Less Injustice and More Vulnerability

By

Every book. Every movie. Songs. Sermons. Those old episodes of Once Upon A Time. Pretty much anything my eyes see and my ears hear seems different these days. It all speaks to my heart and challenges my soul in a way that’s unfamiliar.

I’ve been going through a rough patch. No doubt it started sometime in my past, when I missed a life lesson on vulnerability. Over the years I’ve learned to tuck away emotions like hurt and sadness behind calculated reactions to injustice and disappointment. “What you did is not right” and “You are acting inappropriately” have been surrogates for “I feel belittled by you” and “I feel embarrassed by you.” I have conditioned myself to wag my head, but rarely do I cry.

This way that I’ve trained my soul has not served me well of late. It would be uncharitable to publicly say why. Let it suffice to say that there is a flesh and blood reason. Who it is is not the point. Nor does it matter so much that the person is wrong. Nor that the person is being unkind. Perhaps the only way God can get through the wall to my heart is a Babylonian captivity. Should I blame Nebuchadnezzar for being a nasty king? In many ways, jerks are less pitiable than the people who need jerks to jolt them out of dysfunction. I feel like I am in an uglier spot than my antagonist.

So this is an interesting spiritual place for me to be while heading into Holy Week. Reflecting on my hesitance to be vulnerable, I have asked why am I resistant to fess up to sadness and hurt and inadequacy. Being close to Good Friday helps answer that question. I am resistant because the worst possible outcome to vulnerability is really bad: Crucifixion.

Let’s be honest. The argument in favor of vulnerability is that friends cannot draw near and comfort us unless we are vulnerable. But that same argument means enemies can draw near and scourge us with a whip, sink a crown of thorns into our skull, and nail us to a tree. Vulnerability is risky.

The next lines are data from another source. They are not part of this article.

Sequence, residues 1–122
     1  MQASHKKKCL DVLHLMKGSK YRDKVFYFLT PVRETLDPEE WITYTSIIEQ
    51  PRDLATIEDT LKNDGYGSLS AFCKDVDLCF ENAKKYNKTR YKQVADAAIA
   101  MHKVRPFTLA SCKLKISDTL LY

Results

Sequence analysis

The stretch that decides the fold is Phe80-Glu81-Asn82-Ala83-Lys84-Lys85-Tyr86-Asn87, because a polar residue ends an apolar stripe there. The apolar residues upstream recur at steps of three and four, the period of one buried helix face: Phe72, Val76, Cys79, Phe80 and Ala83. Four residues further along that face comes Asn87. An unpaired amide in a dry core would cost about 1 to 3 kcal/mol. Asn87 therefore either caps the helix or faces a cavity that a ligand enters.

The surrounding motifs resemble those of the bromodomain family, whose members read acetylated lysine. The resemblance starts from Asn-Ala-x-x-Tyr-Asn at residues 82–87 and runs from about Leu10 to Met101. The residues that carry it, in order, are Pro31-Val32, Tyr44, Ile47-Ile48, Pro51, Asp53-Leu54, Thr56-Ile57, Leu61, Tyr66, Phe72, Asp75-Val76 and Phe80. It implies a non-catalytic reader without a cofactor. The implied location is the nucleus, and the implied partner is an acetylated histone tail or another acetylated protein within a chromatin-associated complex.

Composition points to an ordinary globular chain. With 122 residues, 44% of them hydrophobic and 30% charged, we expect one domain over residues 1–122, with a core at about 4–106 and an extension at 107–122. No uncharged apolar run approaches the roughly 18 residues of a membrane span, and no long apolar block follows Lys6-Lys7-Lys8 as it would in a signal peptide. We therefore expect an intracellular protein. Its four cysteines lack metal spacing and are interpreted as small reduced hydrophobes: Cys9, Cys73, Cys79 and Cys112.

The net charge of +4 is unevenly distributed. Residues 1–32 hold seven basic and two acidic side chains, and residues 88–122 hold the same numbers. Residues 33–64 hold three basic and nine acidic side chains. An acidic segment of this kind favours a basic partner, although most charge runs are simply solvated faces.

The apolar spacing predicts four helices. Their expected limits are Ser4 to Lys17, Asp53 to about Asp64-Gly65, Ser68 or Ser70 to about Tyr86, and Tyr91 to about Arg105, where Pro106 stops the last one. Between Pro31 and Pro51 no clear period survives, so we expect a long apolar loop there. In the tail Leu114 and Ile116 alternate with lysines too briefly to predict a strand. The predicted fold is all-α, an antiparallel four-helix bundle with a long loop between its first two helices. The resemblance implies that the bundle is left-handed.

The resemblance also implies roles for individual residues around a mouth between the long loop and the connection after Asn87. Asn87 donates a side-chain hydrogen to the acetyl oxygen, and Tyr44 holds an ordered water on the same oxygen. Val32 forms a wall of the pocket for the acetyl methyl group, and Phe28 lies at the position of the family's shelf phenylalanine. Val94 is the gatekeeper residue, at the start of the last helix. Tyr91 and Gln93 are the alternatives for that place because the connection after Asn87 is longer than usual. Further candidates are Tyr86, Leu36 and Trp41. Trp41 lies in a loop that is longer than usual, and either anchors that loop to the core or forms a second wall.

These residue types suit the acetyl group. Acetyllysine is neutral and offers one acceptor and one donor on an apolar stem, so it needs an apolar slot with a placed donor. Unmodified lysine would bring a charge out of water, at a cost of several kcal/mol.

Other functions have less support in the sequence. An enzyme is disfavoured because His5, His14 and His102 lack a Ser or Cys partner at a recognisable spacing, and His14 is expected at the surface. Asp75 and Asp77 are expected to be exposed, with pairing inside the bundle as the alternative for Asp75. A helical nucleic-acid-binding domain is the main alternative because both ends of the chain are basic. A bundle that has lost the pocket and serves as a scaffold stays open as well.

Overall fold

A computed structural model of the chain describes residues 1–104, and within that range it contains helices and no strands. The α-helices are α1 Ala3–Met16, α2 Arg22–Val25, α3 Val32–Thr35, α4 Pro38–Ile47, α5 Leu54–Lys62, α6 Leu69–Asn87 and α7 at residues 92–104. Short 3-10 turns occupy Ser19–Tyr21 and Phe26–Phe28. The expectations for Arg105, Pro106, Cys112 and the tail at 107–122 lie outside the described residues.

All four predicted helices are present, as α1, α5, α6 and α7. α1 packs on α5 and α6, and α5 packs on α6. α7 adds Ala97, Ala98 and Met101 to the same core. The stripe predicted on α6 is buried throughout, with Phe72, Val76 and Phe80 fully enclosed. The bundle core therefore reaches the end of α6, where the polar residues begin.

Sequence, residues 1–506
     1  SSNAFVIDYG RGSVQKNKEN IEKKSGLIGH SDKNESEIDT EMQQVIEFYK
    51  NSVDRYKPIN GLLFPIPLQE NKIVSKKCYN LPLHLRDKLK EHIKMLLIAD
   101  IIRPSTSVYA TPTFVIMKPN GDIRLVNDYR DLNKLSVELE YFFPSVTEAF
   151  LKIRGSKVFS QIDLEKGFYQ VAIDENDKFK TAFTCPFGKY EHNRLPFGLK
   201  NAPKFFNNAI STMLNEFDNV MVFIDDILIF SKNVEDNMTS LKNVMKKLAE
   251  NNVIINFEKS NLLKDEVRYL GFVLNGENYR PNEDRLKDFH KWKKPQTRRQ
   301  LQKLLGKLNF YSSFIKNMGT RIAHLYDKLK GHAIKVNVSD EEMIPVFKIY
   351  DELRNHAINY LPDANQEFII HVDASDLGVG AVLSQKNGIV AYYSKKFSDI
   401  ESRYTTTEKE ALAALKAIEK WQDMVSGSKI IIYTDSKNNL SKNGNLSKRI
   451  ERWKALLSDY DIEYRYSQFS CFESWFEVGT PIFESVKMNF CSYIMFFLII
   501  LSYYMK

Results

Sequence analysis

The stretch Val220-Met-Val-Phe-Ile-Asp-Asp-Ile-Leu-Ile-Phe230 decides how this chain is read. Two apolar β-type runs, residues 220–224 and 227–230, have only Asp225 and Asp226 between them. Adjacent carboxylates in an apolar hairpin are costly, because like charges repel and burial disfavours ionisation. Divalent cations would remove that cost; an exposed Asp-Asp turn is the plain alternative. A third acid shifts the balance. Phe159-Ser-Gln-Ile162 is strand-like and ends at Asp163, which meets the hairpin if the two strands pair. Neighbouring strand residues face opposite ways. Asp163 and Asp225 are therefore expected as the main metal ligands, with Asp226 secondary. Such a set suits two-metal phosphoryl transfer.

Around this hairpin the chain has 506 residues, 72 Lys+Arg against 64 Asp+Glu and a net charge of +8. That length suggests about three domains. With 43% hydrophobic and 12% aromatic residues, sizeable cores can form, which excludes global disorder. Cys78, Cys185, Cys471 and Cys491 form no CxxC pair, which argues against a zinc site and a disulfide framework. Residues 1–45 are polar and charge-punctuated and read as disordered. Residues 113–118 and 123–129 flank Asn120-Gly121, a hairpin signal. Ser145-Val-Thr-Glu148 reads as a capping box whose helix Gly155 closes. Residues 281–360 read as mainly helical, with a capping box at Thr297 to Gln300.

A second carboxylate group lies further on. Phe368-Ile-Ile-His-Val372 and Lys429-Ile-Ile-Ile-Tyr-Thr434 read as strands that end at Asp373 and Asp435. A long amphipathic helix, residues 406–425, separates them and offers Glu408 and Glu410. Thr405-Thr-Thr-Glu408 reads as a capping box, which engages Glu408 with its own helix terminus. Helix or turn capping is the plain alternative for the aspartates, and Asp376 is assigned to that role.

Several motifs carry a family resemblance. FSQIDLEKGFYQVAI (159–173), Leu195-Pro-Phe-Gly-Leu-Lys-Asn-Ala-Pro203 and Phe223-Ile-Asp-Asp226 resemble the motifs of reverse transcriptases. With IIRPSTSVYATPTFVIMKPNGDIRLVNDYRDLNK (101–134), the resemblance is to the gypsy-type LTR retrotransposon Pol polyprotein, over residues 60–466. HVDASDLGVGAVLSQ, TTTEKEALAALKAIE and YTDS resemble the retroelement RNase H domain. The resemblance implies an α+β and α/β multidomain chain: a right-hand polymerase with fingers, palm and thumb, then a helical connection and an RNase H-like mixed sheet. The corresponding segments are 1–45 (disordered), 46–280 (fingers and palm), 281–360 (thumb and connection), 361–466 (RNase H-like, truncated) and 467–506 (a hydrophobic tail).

But if vulnerability is a risk, then Easter Sunday is the reward. Any day of the week I will take a resurrection, scars still visible but all the sadness gone. I say that. I know it in my mind. But it has only been recently that I’ve allowed the truth of it to dampen my eyes.

This is going to be a journey. I cannot say how my rough patch will end. Perhaps with reconciliation. Perhaps with unresolved hurt. No doubt it will involve the discomfort of growth. But however it ends, I hope to get to the other side of it acting less indignant and more vulnerable.

Profile photo of David Michael Bruno

Dave is an author, educator, and advocate of living simply. Dave has spoken nationally and internationally about simplicity. He has appeared in Time Magazine, Mother Jones Magazine, the London Times, and The Guardian, and has been a guest of the 700 Club. His book The 100 Thing Challenge (HarperCollins, 2010) tells the story of his simple-living journey and the worldwide movement it contributed to. Dave holds an M.A. from Wheaton College and a B.A. from Moody Bible Institute. He works at Point Loma Nazarene University and lives in San Diego with his wife and three daughters.